The mammalian auditory brainstem contains specialized synapses that preserve the precise timing of action potential spikes. We propose to study two of these specialized synapses: the large calyx of Held synapse in the medial nucleus of the trapezoid body (MNTB) and the small bouton-type glycinergic synapses of the lateral superior olive (LSO), that are linked through the MNTB principal neuron. The long-term goal is to determine the biophysical properties and structure/function of these two pivotal synapses in the circuitry that computes the locus of high frequency sounds. We will perform patch clamp recordings in mouse brainstem slices from more adult-like stages of development, when mice fully acquire their fine-tuned ability to hear and localize sound. Our preliminary data show that several fundamental aspects of brainstem synapses mature only at postnatal day 30. We thus propose to study the synaptic delays, synaptic strength and short-term plasticity of adult-like auditory synapses. The first hypothesis is that adult-like calyx-type nerve terminals in the MNTB contain heterogeneous and crowded active zones (AZs) with multiple docked vesicles that produce ultrashort delays in vesicle exocytosis. We will perform detailed ultrastructural reconstructions of the AZs using high-resolution electron tomography (ET). We plan to identify the major factors that promote short exocytosis delays, such as a large vesicle pool size, crowded AZs with diffusional barriers for Ca2+ ions and tight vesicle-to-Ca2+-channel coupling. The second hypothesis is that the timing and strength of glycine release in the LSO change during postnatal development due to shifts in release probability and the size of the readily releasable pool of vesicles. We report for the first time that inhibitory postsynaptic currents from LSO neurons are preceded by a prespike waveform that reflects the synchronous arrival of the presynaptic action potentials at multiple synaptic boutons. This allowed us to quantify for the first time the synaptic delay of a glycinergic auditory synapse. We will also test the hypothesis that the temporal precision of spike-evoked glycine release relies on large multiquantal exocytosis. The third hypothesis to be tested is that during postnatal development the LSO glycinergic synapse acquires a robust Ca2+-dependent vesicle recruitment mechanism. A sustained steady- state release of glycine onto the LSO neurons thus effectively blocks their ability to fire spikes in response of excitatory inputs. Our preliminary LSO data show, surprisingly in contrast to the calyx of Held, that maturing glycinergic LSO synapses decrease their vesicle pool size and increase release probability. Using confocal microscopy and genetically encoded Ca2+ indicators, we will image Ca2+ influx at glycinergic boutons, and for the first time describe, using ET, their 3D ultrastructure at high resolution. Together with our collaborators we will further validate and study the physiological relevance of our results using in vivo recordings and computer modeling. The proposed experiments will launch new studies on mature LSO synapse structure/function using electron tomography, patch clamp recordings, and direct Ca2+ imaging of LSO bouton-type nerve terminals.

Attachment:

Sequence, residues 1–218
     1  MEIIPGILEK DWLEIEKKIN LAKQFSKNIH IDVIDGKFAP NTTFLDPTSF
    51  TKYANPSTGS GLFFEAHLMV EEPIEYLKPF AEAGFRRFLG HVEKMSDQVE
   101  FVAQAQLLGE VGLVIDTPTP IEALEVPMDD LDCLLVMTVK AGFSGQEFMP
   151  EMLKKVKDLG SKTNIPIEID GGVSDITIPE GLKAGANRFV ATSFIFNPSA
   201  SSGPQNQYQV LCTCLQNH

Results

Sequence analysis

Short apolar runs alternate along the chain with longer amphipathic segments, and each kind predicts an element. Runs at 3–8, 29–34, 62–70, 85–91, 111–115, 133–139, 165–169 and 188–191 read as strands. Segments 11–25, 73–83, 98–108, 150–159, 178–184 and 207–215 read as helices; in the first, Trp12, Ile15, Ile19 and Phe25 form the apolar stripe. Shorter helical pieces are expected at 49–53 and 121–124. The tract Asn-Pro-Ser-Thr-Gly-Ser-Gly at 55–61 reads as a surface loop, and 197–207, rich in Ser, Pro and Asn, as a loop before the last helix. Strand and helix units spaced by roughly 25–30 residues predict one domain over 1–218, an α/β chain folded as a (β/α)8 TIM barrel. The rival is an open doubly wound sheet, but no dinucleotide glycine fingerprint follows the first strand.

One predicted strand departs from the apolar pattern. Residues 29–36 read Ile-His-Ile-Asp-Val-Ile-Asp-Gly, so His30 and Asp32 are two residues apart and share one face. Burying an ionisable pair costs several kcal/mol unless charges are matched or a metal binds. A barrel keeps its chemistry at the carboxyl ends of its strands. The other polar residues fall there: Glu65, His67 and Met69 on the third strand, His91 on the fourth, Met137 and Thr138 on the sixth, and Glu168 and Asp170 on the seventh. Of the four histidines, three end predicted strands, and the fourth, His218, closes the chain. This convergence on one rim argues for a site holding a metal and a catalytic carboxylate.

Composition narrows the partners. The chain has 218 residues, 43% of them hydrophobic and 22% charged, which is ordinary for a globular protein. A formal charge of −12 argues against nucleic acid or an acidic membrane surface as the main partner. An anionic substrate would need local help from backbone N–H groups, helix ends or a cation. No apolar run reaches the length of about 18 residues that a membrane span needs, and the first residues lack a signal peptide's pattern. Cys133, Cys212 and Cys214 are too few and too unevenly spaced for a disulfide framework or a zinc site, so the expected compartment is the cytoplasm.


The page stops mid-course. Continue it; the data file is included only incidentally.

Several fundamental insights on how synapses of auditory neurons operate in the developing and mature mammalian brainstem will be obtained from the proposed studies. This information sheds light on cellular mechanisms for binaural hearing including sound localization and enlightens current and future treatment strategies of hearing disorders. These studies will lead to an improved understanding of directional hearing in maturing animals and in future studies of how deficits in auditory brainstem synaptic transmission contribute to hearing loss.
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